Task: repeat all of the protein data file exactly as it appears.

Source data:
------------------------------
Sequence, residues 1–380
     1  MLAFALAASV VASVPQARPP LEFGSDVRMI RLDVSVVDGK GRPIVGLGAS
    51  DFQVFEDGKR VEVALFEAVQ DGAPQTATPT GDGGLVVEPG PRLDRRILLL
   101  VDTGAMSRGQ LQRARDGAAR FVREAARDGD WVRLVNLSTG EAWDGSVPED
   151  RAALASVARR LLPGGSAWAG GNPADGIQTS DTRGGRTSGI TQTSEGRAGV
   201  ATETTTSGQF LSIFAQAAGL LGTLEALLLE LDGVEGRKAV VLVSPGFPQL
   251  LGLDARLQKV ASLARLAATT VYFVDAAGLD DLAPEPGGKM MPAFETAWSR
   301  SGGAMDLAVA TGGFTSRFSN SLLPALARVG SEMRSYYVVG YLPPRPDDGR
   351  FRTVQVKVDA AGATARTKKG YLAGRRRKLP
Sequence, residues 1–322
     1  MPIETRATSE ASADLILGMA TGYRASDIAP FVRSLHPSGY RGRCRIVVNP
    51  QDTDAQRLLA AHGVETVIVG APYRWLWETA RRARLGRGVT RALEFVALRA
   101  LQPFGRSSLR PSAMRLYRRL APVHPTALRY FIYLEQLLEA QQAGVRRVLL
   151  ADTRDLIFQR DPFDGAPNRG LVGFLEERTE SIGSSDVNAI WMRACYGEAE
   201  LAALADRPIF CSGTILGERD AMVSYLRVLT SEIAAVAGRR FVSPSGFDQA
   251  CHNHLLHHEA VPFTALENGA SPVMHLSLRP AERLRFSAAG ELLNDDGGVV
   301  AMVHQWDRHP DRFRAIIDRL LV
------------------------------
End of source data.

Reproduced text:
Sequence, residues 1–380
     1  MLAFALAASV VASVPQARPP LEFGSDVRMI RLDVSVVDGK GRPIVGLGAS
    51  DFQVFEDGKR VEVALFEAVQ DGAPQTATPT GDGGLVVEPG PRLDRRILLL
   101  VDTGAMSRGQ LQRARDGAAR FVREAARDGD WVRLVNLSTG EAWDGSVPED
   151  RAALASVARR LLPGGSAWAG GNPADGIQTS DTRGGRTSGI TQTSEGRAGV
   201  ATETTTSGQF LSIFAQAAGL LGTLEALLLE LDGVEGRKAV VLVSPGFPQL
   251  LGLDARLQKV ASLARLAATT VYFVDAAGLD DLAPEPGGKM MPAFETAWSR
   301  SGGAMDLAVA TGGFTSRFSN SLLPALARVG SEMRSYYVVG YLPPRPDDGR
   351  FRTVQVKVDA AGATARTKKG YLAGRRRKLP
Sequence, residues 1–322
     1  MPIETRATSE ASADLILGMA TGYRASDIAP FVRSLHPSGY RGRCRIVVNP
    51  QDTDAQRLLA AHGVETVIVG APYRWLWETA RRARLGRGVT RALEFVALRA
   101  LQPFGRSSLR PSAMRLYRRL APVHPTALRY FIYLEQLLEA QQAGVRRVLL
   151  ADTRDLIFQR DPFDGAPNRG LVGFLEERTE SIGSSDVNAI WMRACYGEAE
   201  LAALADRPIF CSGTILGERD AMVSYLRVLT SEIAAVAGRR FVSPSGFDQA
   251  CHNHLLHHEA VPFTALENGA SPVMHLSLRP AERLRFSAAG ELLNDDGGVV
   301  AMVHQWDRHP DRFRAIIDRL LV